A desperate and largely unknown humanitarian crisis is deteriorating in the Lake Chad Basin region of West Africa, forcing millions of people to flee their homes and leaving millions more in need of humanitarian assistance. Oxfam is providing life-saving support but help is urgently needed to prevent the crisis turning into a catastrophe.
Oxfam reaction to Tokyo Conference: Continued support to Afghanistan welcomed, but development gains still at risk
Oxfam Afghanistan's head of policy and advocacy, Louise Hancock, said:
"The commitment to give $4bn a year until 2015 and to continue to support Afghanistan at a similar level until 2017 is vital and welcomed. But it is unclear how much of this is new investment or what will happen after 2017. It will take decades, not five years, to pull Afghans out of poverty. When we look at what has been achieved in the last 11 years, it is clear that looking forward, it will be difficult to achieve more progress with less aid.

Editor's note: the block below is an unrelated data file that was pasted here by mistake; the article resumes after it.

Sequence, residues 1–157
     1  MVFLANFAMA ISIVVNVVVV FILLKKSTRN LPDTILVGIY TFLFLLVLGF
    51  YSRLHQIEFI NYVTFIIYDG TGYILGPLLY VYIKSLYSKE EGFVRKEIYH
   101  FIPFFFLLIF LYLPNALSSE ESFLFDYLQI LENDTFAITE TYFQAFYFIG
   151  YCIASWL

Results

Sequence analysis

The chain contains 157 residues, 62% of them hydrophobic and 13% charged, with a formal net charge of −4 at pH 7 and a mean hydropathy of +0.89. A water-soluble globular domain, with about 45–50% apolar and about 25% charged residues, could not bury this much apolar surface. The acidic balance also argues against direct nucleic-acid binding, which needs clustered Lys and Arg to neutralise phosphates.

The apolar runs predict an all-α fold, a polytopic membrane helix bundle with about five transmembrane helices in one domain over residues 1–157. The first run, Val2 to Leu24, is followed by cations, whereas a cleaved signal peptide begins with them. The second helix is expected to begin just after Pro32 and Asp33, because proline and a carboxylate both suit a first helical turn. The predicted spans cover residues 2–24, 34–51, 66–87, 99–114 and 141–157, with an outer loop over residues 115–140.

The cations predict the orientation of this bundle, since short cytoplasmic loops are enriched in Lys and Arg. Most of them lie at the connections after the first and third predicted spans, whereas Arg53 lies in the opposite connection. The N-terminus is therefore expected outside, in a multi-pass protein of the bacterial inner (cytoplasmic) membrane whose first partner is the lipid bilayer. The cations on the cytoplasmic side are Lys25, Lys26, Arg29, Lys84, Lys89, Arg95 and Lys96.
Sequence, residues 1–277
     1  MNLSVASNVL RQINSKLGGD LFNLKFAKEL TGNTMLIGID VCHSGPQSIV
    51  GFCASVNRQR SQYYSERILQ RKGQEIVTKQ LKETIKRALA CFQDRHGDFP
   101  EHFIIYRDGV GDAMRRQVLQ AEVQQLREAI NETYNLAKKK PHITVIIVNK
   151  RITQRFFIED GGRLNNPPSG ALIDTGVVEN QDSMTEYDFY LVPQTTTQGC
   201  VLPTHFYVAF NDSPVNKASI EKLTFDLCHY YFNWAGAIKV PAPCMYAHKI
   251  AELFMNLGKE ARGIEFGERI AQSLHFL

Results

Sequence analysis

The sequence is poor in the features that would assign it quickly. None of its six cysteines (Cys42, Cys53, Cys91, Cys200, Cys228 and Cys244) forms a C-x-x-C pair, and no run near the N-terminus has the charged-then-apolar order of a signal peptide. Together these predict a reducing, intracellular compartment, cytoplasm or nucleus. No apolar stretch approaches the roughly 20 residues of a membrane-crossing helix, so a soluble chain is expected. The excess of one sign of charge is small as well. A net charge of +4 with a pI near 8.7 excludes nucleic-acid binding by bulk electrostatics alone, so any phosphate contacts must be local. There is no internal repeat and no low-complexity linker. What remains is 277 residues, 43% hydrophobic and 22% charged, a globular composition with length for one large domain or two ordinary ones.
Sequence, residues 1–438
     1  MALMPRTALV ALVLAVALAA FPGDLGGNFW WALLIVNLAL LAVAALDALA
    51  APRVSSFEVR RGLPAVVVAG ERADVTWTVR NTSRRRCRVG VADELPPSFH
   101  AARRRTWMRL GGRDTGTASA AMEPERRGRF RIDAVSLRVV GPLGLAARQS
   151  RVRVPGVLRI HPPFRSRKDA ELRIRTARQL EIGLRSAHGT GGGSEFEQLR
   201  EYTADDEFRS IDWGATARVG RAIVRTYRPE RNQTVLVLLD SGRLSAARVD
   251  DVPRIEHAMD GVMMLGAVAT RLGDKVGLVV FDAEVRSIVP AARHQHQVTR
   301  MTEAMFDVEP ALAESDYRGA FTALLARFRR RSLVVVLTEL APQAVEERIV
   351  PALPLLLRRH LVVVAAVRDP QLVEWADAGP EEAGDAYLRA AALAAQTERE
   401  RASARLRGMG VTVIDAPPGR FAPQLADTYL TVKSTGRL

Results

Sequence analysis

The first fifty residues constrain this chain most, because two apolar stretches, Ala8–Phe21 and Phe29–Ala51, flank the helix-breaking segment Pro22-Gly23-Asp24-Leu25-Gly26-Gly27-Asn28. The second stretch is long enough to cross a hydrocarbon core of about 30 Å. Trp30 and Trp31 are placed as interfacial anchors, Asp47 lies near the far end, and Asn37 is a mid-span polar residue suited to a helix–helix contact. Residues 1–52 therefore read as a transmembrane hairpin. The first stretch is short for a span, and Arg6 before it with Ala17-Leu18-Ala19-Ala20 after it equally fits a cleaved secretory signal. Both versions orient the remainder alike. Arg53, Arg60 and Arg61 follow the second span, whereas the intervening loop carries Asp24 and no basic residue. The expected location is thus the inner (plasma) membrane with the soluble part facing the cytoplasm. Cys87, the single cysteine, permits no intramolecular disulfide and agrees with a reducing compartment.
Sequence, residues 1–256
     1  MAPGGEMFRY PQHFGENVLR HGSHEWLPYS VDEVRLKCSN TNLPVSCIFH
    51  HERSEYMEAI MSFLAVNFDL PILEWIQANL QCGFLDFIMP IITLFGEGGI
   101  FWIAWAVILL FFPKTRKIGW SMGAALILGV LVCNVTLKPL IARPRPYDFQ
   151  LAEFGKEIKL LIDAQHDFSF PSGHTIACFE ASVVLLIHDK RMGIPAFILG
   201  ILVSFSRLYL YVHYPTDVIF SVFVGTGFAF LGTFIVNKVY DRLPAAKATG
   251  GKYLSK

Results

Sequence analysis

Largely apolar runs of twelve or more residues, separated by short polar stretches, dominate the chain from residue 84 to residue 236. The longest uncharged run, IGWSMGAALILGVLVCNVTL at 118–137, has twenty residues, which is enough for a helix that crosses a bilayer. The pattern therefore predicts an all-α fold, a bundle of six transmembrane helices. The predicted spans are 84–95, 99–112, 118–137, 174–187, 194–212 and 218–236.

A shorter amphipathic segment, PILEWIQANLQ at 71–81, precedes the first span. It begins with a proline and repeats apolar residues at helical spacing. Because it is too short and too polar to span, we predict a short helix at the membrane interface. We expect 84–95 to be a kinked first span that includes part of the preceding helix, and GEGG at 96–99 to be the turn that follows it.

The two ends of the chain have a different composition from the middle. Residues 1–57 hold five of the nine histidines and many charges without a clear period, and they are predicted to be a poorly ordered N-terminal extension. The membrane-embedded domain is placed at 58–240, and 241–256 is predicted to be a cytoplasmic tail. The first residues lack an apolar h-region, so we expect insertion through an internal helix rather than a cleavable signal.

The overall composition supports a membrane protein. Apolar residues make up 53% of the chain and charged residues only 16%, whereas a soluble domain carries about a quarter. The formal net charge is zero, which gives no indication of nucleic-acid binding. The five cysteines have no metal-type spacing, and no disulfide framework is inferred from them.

"More effective measures to tackle waste and fight corruption were badly needed. Donors agree that Afghan organizations must be supported to hold their own government to account, but they fell short of explaining how they are going to do this.
"Afghan women and girls were looking to the international community to protect the progress they have made in the last decade and they have been let down. Some important steps have been taken, notably in a renewed commitment to their constitutional rights and better implementation of laws. But this is still not enough to entrench the fragile gains that have been made so far. There are not enough concrete steps or firm affirmations of how women will play a better role in the transformation phase of their country."
Media and Communications Officer
Oxfam International, Afghanistan
Mobile:+93 (0) 796 738 402
Aid must work better for Afghans in the next decade (Oxfam press release, 6 July 2012)